The Fall of Camp Jackson

May 10, 1861 – Federal troops led by Captain Nathaniel Lyon sparked a riot in St. Louis by preëmptively seizing the allegedly secessionist Camp Jackson on the city’s western outskirts.

Brigadier General Daniel M. Frost, a former army officer and politician, had set up a training base for Missouri militia at Lindell’s Grove in western St. Louis, in accordance with Missouri law. Called Camp Jackson, it was named for Governor Claiborne F. Jackson, a pro-secessionist who requested its creation. The camp came under close Federal scrutiny for its alleged Confederate ties.

Federal Cpt. Nathaniel Lyon | Image Credit: CivilWarDailyGazette.com

Federal Cpt. Nathaniel Lyon | Image Credit: CivilWarDailyGazette.com

On May 8, Captain Lyon secretly reconnoitered Camp Jackson. Borrowing a carriage from the mother-in-law of influential Federal politician Francis P. Blair, Jr., Lyon pretended to be an elderly woman paying a visit to her son. He rode into the “nest of traitors” wearing a shawl, dress, and sunbonnet, concealing his red beard with a veil, and carrying two revolvers hidden in a wicker basket.

Lyon returned to his camp and reported observing streets named for Confederate leaders such as Jefferson Davis and P.G.T. Beauregard, Confederate flags flying over some tents, and troops carrying arms taken from the Federal arsenal at Baton Rouge. Later that night, crates arrived at Camp Jackson from Baton Rouge; they were labeled “marble” but they contained four cannon and ammunition. These were sent in response to Governor Jackson’s request that the Confederacy provide artillery for the secessionists to seize the Federal arsenal at St. Louis.

Although General Frost planned to disband the camp on May 11, Blair urged Lyon to seize it due to the militia’s “unscrupulous conduct, and their evident design” to facilitate Missouri’s secession. Lyon, suspicious of Jackson’s call for militia, proved willing to overstep any legal boundaries to make sure that the St. Louis arsenal remained in Federal hands.

Lyon led his 7,000 men (four regiments of German immigrants and two regiments of Regular soldiers) in a preëmptive attack on some 625 secessionists at Camp Jackson. Frost had directed his men to disassemble their muskets in preparation for disbanding the next day. He sent a message to Lyon assuring that he intended no hostility toward the Federals, concluding: “I trust, after this explicit statement, we may be able by fully understanding each other to keep far from our borders the misfortunes which unhappily afflict our common country.”

Lyon refused to receive the message and directed his Federals to surround the camp. Frost replied to Lyon’s demand to surrender:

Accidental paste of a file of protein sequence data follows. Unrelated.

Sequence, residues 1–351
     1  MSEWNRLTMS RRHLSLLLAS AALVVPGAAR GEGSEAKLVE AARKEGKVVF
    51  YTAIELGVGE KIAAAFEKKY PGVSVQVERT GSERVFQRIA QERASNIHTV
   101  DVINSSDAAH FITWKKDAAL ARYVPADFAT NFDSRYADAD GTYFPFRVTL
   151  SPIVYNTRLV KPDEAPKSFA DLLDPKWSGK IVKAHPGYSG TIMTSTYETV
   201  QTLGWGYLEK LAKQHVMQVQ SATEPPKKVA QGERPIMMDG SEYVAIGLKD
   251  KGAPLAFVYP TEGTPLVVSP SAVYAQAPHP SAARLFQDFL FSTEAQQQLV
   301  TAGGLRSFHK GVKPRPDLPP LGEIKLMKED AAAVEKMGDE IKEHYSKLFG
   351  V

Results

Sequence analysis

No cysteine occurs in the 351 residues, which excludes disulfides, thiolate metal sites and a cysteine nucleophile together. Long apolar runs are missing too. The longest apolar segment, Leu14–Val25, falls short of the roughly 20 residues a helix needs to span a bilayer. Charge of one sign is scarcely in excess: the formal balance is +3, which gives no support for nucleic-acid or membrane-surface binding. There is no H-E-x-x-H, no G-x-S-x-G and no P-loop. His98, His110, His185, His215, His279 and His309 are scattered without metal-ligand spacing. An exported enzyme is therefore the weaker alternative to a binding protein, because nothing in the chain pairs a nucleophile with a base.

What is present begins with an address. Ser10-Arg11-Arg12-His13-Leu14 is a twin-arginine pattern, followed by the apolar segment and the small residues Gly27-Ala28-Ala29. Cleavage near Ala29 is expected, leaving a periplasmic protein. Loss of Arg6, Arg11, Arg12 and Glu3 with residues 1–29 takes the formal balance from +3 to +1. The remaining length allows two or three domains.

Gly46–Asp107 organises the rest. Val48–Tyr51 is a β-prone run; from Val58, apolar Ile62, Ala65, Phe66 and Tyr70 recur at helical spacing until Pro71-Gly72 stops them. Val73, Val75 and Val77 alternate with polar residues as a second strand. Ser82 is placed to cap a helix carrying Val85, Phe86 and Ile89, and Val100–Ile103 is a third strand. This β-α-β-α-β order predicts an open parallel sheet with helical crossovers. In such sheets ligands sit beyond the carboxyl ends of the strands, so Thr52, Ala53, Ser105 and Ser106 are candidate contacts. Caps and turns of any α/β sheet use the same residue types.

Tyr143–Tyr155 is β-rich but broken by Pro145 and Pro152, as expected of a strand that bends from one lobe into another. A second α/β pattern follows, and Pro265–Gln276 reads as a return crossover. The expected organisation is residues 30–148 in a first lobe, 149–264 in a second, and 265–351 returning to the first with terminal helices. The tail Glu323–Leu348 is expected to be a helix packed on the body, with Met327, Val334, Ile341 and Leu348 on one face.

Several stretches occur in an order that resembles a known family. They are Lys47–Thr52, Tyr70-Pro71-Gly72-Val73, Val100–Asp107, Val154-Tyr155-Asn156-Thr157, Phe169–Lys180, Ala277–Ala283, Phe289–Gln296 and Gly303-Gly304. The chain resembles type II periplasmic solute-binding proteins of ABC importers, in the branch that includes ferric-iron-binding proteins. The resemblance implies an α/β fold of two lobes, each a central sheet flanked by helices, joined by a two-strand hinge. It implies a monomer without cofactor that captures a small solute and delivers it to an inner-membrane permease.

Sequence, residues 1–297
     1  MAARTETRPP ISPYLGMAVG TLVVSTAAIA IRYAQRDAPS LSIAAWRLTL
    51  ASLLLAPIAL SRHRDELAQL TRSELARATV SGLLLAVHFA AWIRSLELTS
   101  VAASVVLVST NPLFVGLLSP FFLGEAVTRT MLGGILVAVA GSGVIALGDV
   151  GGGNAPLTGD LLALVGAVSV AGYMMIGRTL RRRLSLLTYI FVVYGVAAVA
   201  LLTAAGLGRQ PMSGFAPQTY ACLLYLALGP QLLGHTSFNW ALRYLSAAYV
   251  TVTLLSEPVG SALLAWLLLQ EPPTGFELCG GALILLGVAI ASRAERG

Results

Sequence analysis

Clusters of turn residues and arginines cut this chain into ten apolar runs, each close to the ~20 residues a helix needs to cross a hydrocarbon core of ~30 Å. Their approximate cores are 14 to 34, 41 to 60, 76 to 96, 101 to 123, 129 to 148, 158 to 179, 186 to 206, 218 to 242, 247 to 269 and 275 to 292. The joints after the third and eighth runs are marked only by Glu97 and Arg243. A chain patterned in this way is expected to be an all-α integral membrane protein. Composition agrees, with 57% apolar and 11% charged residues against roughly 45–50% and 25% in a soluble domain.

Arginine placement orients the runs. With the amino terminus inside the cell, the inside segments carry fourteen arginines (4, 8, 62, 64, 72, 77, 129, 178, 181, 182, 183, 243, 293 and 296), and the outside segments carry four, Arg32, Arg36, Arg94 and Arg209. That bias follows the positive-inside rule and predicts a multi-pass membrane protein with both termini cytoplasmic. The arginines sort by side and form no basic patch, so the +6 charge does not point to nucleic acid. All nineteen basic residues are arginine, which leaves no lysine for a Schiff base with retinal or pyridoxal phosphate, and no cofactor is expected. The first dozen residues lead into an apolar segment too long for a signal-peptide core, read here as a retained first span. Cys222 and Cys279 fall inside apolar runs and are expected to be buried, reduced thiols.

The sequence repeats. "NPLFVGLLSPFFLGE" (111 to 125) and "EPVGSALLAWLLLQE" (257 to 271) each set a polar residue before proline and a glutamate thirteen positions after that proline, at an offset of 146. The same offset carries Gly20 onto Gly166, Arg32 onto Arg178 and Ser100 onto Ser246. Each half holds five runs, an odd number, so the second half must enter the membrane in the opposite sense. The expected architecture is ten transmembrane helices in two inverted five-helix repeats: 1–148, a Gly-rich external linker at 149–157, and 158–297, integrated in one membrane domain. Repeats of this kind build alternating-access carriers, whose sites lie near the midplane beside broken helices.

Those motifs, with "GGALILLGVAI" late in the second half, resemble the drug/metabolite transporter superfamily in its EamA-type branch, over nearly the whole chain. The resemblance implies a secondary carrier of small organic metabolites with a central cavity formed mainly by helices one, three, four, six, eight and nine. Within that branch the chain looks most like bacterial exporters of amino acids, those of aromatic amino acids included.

“I, never for a moment having conceived an idea that so illegal and unconstitutional a demand as I have just received from you would be made by an officer of the United States army, am wholly unprepared to defend my command from this unwarranted attack, and shall therefore be forced to comply with your demand.”

Frost and his men surrendered without resistance, and the Federals found large supplies of Confederate ordnance in the camp. When the secessionists refused to swear loyalty to the U.S., Lyon resolved to publicly humiliate them by marching them at gunpoint through the city to the St. Louis arsenal. The escorting Federals were predominantly Germans belonging to the Unionist Home Guard, or “die Schwartze Garde.”

Enraged residents and city leaders gathered to protest “Hessian” aggression and shouted, “Damn the Dutch!” and “Hurrah for Jeff Davis!” Some protestors threw stones or brickbats at the soldiers. When a shot rang out, the Federals fired into the crowd, killing or mortally wounding some 28 people, including women and children. Lyon dismissed the Germans upon reaching the arsenal, but mobs looted and burned sections of St. Louis throughout the stormy night. Some 30 people died, most of whom were Germans. City saloons were closed.

The St. Louis Riot | Image Credit: Wikimedia.org

The St. Louis Riot | Image Credit: Wikimedia.org

The militiamen were detained as prisoners, although it remained unclear whether they were prisoners of war (even though no war had been declared in Missouri) or under arrest for breaking a law (even though no charges were presented or any law cited as having been violated).